It comes after Paddy speaks out about fears surrounding his three autistic children, who he says will likely stay home with him “forever.”
The TV star shares twins Leo and Penelope, Felicity, eight and five, with her Christine, who recently revealed her own autism diagnosis.
In a candid conversation with The Sunday Times, the beloved father even admitted to worrying about what would happen to his threesome once he and Christine passed away.
He said: “I think my kids will probably be home with me forever. It’s great now. I am there and Christine is there.
“But eventually there comes a time when we’re not here anymore and I’m afraid people will take advantage of it. We just put everything in place for them and try to make them as independent as possible.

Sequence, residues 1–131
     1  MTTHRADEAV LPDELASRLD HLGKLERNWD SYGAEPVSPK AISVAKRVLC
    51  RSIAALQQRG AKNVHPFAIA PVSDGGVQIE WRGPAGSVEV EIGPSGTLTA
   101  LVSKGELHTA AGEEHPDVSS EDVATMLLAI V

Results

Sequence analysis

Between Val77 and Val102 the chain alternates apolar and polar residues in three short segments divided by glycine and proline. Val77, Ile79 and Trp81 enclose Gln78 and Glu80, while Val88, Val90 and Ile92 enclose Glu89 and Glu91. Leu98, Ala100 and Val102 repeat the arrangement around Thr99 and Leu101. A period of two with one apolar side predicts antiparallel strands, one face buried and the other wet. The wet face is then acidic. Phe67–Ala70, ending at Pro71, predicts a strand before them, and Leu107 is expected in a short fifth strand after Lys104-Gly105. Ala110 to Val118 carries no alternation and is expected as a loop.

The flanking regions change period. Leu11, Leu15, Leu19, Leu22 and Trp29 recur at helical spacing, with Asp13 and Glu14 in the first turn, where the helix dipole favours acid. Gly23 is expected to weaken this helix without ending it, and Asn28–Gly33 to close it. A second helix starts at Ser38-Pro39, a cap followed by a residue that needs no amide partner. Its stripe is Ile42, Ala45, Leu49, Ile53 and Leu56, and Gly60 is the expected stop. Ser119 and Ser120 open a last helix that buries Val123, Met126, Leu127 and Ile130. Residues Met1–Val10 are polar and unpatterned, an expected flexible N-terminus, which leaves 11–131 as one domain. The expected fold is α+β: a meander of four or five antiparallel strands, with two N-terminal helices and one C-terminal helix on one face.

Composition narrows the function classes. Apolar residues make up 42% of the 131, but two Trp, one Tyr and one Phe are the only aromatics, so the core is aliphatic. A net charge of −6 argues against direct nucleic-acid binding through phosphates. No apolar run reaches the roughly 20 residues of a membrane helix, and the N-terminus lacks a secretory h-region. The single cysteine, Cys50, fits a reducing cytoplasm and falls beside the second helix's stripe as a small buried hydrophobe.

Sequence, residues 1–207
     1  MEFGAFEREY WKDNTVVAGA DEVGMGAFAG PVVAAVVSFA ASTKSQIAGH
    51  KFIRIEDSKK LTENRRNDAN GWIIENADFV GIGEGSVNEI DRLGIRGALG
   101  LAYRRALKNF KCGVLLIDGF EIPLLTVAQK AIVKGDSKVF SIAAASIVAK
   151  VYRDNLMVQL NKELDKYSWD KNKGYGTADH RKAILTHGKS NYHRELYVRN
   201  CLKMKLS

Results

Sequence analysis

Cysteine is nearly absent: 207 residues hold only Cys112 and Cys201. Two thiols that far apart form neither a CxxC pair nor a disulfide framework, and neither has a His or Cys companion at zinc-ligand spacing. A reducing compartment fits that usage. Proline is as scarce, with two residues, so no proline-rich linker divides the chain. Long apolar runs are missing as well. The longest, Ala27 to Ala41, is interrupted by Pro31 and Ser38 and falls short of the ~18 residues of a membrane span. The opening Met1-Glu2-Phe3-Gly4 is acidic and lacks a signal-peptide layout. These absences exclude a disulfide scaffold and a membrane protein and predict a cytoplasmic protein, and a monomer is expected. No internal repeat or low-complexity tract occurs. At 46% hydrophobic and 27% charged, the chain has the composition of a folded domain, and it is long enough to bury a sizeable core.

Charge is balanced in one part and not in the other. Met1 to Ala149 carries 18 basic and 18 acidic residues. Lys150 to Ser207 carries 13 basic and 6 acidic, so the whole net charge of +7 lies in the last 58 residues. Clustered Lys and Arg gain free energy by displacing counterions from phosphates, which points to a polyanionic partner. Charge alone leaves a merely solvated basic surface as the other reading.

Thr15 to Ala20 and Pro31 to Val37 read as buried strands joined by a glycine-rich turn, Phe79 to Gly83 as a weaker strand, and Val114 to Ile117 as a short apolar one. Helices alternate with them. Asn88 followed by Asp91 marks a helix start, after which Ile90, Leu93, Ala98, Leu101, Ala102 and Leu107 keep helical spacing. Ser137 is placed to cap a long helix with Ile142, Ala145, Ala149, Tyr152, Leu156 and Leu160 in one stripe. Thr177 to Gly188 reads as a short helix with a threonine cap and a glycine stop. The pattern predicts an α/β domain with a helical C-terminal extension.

Clan McGuinness: TV star shares twins Leo and Penelope, eight and five, Felicity, with Christine, who recently revealed her own autism diagnosis
Reflecting on the twins’ early days, Paddy, who recently wrote an autobiography called My Lifey, said that he and Christine had “nothing to compare with anything” because their friends did not have children from the same age.
Paddy also revealed how his ten-year-old wife doesn’t often let people into the house, with Leo and Penelope growing more anxious about new experiences, while also showing obsessive behaviors.
The couple did not even disclose their situation to close family members.
They recently embarked on a BBC investigative documentary Our Family and Autism to find out more about the disorder.
It emerged during production that the former Real Housewives Of Cheshire star herself was autistic, which caused her to “put to bed” any of her parenting worries.